EYE MOVEMENT DESENSITIZATION & REPROCESSING (EMDR)
Eye Movement Desensitization and Reprocessing (EMDR) is a psychotherapy approach that has been extensively researched and proven effective for the treatment of trauma. EMDR is a set of standardized protocols that incorporates elements from many different treatment approaches. EMDR therapy has helped people of all ages relieve many types of psychological stress. EMDR progresses through 8 phases treatment. In the early stages, the client’s history is taken and treatment planning is completed. During the assessment phase, the client’s target trauma is examined including the client’s beliefs about himself or herself, emotions, and sensations. With the information gained in this phase the therapist is able to assist the client in processing the target until it can be experienced differently in the present. During desensitization, the therapist provides bilateral stimulation (Auditory and tactile) with appropriate shifts and changes of focus until the client’s SUD-scale levels are reduced to zero (or 1 or 2 if this is more appropriate). The next phase of treatment will focus on assisting clients to replace negative beliefs with positive ones and then strengthening the positive beliefs. In phase 6, any residual tension experienced in the body when the client recalls the original trauma is targeted for reprocessing. Phase 7 ends each session so that the client leaves feeling in balance. This can include self-soothing techniques to help the client calm himself or herself. Each session thereafter begins with Phase 8 in which the therapist checks to see what changes have occurred for the client and identifies areas that need to be further addressed.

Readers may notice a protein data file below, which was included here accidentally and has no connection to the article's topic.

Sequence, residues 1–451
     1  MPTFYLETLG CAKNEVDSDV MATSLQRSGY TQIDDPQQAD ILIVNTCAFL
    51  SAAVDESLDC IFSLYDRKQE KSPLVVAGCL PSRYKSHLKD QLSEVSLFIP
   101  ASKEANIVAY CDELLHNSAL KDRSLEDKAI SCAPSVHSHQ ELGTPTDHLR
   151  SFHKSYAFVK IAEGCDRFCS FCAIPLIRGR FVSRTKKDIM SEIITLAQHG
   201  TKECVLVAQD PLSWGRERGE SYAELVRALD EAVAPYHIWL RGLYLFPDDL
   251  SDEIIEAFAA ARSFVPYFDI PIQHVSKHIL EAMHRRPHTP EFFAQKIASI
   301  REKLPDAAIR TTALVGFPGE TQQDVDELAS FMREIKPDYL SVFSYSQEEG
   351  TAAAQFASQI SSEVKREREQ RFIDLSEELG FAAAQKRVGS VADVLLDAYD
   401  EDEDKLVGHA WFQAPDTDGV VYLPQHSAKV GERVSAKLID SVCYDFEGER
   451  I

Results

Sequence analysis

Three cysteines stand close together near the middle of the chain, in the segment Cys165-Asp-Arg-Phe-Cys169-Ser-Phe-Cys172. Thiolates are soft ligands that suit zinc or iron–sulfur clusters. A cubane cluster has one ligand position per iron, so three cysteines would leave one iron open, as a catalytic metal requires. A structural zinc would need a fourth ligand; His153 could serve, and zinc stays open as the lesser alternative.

Before using EMDR with client’s it is important that I ensure that they have a strong foundation of coping skills in place to deal with any negative emotions/feelings/thoughts that might arise. EMDR may produce results more rapidly than other forms of therapy, but this can vary from client to client. It is important to remember that everyone’s needs are different and therapist needs to meet the client wherever they are in treatment. For instance, one client may take weeks to establish rapport and trust (Phase Two), while another may proceed quickly through the initial phase of treatment only to reveal, something even more important that needs treatment. EMDR therapy is complete when it has focused on the past memories that are contributing to the problem, the present situations that are disturbing, and what skills the client may need for the future.
You are ready to start building positive relationships. You are ready to start loving youagain. You are ready to get out of that negative cycle and change your perspective. You are ready to meet with a counselor and begin your first counseling session. Contact me to schedule your first session.